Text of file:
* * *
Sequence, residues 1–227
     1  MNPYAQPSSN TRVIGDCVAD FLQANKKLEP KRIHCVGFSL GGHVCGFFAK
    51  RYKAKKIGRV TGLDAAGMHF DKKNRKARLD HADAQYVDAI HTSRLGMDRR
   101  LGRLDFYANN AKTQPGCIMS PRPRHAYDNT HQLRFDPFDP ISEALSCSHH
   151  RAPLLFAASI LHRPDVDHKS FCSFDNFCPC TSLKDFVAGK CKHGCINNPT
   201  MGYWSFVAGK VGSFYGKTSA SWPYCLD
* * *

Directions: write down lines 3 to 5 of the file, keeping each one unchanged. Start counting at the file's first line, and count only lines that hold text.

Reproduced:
    51  RYKAKKIGRV TGLDAAGMHF DKKNRKARLD HADAQYVDAI HTSRLGMDRR
   101  LGRLDFYANN AKTQPGCIMS PRPRHAYDNT HQLRFDPFDP ISEALSCSHH
   151  RAPLLFAASI LHRPDVDHKS FCSFDNFCPC TSLKDFVAGK CKHGCINNPT